Many have raised concerns over newly elected President Donald Trump’s refusal to disclose his tax returns as they remain alert to signs that he may pursue policies for business reasons. Such concerns are more often voiced in relation to regimes in corrupt countries, where those in power use public resources for private interests.
No country is completely free of corruption, and while the United States is by no means the least corrupt nation, corruption levels in plenty of other countries far exceed that of the U.S. Approximately two-thirds of all countries, including the United States and other major economic powers around the world struggle to control corruption. This amounts to an estimated 6 billion people living under corrupt governments.
24/7 Wall St. reviewed the level of perceived corruption by country on Transparency International’s 2016 Corruptions Perceptions Index. The global average score on the index is 43 out of 100. According to Transparency International’s grading framework, any score below 50 means the government is failing to address the country’s endemic public sector corruption. Somalia is the most corrupt country in the world with a score of just 10. Venezuela and Iraq round out the top most corrupt list, each tied for 10th place with scores of 17.
The most corrupt countries share several notable characteristics: violent conflicts, high dependency on foreign aid, income inequality and rampant poverty, as well as heavy oil dependence.
One of the most important safeguards against government corruption is accountability. When a government is held accountable for its actions, officials are less likely to circumvent or break the law, and they are more likely to be caught. According to TI, community monitoring efforts around the world have in some cases led to “the detection of corruption, reduced leakages of funds, and improved the quantity and quality of public services.” Recently in the United States, for example, Trump issued a gag order on the Department of Health and Human Services and Environmental Protection Agency that prevents employees from the agency from communicating with members of Congress. After an organized public backlash, however, the order was rescinded. In many of the most corrupt countries, organized resistance is less effective.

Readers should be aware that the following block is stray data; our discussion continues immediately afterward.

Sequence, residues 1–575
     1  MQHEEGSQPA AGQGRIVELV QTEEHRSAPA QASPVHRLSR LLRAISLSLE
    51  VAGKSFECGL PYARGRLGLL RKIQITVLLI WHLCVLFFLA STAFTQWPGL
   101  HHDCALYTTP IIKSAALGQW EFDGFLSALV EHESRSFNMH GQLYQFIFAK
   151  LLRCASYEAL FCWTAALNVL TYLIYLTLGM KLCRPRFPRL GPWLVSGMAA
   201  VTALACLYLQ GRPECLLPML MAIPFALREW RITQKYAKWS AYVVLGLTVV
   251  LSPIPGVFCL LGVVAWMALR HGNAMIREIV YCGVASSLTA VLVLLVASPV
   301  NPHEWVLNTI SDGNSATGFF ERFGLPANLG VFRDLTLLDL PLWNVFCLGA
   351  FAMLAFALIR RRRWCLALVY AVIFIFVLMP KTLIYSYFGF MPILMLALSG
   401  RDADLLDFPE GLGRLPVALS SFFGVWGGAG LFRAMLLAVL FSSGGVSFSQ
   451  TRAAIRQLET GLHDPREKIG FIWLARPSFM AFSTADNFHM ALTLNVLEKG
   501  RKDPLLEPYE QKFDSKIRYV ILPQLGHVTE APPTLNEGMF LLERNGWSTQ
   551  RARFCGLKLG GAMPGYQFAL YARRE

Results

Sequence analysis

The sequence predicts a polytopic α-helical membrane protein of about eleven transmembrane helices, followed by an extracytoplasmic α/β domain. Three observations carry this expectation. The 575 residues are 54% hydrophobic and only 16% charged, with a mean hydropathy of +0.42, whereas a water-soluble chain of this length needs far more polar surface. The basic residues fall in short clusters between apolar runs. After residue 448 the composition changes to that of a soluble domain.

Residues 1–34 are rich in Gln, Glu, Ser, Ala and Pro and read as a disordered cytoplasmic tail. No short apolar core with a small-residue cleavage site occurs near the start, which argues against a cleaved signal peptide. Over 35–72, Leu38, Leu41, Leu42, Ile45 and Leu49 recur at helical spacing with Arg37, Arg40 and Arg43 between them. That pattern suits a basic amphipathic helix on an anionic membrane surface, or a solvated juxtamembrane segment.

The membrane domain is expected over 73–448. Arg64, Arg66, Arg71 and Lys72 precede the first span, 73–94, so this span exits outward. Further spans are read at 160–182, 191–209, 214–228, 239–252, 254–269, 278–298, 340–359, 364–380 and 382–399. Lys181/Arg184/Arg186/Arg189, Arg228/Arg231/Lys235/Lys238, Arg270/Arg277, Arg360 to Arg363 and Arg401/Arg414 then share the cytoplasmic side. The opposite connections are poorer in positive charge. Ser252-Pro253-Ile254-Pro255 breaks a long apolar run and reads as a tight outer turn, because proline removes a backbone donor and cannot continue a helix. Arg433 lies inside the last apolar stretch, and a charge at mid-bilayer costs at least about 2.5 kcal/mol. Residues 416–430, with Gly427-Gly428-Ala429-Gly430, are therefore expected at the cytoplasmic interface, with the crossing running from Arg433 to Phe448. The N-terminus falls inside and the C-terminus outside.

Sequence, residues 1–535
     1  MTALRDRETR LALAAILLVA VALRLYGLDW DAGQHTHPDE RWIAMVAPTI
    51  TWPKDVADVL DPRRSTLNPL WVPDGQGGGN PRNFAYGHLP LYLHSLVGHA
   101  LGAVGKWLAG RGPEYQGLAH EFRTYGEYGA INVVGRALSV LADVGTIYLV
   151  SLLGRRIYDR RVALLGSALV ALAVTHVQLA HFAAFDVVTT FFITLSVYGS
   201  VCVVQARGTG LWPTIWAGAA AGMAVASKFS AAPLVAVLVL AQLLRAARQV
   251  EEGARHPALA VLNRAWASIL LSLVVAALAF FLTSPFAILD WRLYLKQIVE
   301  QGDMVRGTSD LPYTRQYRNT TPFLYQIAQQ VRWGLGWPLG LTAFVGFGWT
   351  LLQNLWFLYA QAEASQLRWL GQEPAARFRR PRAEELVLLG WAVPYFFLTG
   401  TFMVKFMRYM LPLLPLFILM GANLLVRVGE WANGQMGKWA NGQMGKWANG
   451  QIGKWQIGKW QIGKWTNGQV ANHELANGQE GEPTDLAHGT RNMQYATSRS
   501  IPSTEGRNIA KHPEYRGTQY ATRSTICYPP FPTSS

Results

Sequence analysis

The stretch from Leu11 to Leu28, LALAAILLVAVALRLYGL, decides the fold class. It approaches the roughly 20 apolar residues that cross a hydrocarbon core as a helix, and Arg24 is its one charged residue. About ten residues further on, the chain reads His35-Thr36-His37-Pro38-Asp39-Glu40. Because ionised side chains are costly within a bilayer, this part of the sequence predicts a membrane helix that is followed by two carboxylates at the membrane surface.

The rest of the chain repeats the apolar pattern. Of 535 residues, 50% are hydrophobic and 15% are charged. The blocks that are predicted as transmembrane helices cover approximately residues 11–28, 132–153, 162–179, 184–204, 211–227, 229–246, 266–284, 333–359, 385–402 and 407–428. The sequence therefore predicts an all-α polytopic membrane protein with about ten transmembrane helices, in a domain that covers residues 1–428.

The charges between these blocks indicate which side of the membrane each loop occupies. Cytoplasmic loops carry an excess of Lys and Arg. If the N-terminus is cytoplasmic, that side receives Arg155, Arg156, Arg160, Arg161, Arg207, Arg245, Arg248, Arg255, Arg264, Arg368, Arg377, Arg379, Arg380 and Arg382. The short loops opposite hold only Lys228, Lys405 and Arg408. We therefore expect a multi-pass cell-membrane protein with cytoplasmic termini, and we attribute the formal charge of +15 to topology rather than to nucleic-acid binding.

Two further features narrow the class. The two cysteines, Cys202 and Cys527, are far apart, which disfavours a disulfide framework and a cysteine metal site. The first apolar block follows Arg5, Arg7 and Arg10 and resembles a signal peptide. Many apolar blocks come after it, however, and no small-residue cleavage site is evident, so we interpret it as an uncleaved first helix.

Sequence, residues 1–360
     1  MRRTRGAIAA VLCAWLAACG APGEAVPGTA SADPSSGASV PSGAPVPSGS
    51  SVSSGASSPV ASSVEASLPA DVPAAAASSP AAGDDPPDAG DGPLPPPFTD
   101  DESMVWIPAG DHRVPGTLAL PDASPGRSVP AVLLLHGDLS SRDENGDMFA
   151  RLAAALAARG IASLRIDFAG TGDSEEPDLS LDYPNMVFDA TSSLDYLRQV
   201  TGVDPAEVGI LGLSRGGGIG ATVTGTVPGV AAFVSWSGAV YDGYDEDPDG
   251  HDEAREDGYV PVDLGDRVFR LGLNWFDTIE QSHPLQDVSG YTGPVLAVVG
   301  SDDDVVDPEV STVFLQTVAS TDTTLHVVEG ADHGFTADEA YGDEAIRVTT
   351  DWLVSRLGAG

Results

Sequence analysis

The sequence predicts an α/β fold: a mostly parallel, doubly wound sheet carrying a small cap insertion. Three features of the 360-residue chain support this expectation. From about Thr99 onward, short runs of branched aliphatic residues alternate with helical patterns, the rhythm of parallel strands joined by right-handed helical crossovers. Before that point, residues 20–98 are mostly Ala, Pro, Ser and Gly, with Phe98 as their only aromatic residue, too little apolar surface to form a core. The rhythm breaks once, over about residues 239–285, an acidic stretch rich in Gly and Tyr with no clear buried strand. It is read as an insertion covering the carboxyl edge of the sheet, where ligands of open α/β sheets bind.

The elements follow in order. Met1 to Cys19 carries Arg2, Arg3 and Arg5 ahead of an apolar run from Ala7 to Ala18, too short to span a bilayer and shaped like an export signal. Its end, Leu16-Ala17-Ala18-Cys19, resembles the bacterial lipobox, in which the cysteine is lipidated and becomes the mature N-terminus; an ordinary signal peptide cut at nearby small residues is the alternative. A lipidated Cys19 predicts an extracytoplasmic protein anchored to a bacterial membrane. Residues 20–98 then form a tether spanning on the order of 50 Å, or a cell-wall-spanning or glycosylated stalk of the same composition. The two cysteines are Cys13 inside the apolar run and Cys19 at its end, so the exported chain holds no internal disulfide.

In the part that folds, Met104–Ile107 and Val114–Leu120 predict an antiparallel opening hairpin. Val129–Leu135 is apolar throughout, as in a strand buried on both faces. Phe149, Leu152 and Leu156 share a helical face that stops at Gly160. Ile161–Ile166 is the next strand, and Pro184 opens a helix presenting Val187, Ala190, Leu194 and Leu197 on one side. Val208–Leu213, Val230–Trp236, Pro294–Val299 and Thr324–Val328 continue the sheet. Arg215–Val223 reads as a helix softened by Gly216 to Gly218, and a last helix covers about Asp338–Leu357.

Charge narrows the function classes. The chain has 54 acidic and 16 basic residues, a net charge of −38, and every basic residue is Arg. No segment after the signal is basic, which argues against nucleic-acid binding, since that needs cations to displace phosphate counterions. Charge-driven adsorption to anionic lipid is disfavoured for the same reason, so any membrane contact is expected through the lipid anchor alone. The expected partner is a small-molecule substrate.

One reason the U.S. government is accountable to its people is taxation. Most federal expenditure is taxpayer-funded, so Americans want and demand to know how their money is being spent. In many of the world’s poorest countries, by contrast, a large share of the government’s budget comes from foreign aid. As a result, citizens may be less informed about their government’s finances, and less aware if funds are misused.
Corrupt governments also avoid accountability through secrecy and limiting the public’s access to information. According to TI, “Access to information increases the responsiveness of government bodies, while simultaneously having a positive effect on the levels of public participation in a country”. In countries where public knowledge of government action is limited, officials may be more likely to break the law and less likely to be caught.
While corruption problems can seem to pale in comparison to the devastation caused by war, the two often go hand in hand. Many of the most corrupt countries are also among the most violent nations on the planet. Afghanistan, Iraq, Somalia, Sudan, South Sudan, and Yemen, which have each struggled with internal conflict and war, are also among the most corrupt nations on this list.
Corruption can contribute to unrest in a nation, and it seems to flourish in such conditions to the point of becoming normal. Afghanistan is a notable example. In 2015, appointees under former Afghan President Hamid Karzai allegedly fabricated the number of schools in the country in order to obtain more funding from international aid. In a country such as Afghanistan preoccupied with security concerns, institutions often fail to function properly. As a consequence, bribes and extortion are common not just for unchecked public officials, but also for ordinary citizens seeking access to basic services.
Nearly all of the most corrupt countries are also quite poor. Of the 11 corrupt countries, the World Bank publishes GDP per capita data in eight. Of those eight countries, GDP per capita exceeds $5,000 in just three. By contrast, U.S. GDP per capita is $56,084, 11th highest of countries reviewed.
Some of the world’s poorest countries are also some of the world’s most oil-rich countries. Oil and gas companies, both private multinational and government-owned corporations, rarely publish details of their operations in these countries, and often protect the identities of their equity holders and subsidiaries. This is how corrupt government leaders are frequently able to hide stolen funds.
In order to identify the most corrupt countries in the world, 24/7 Wall St. reviewed the 11 countries with the 10 lowest index scores from Transparency International’s 2016 Corruption Perceptions Index of 176 countries. National economic data came from the International Monetary Fund (IMF). GDP per capita figures are based on purchasing power parity. Literacy rates, Gini index scores, and poverty rates are from the World Bank. All data are as of the most recent period available.
These are the most corrupt nations in the world.
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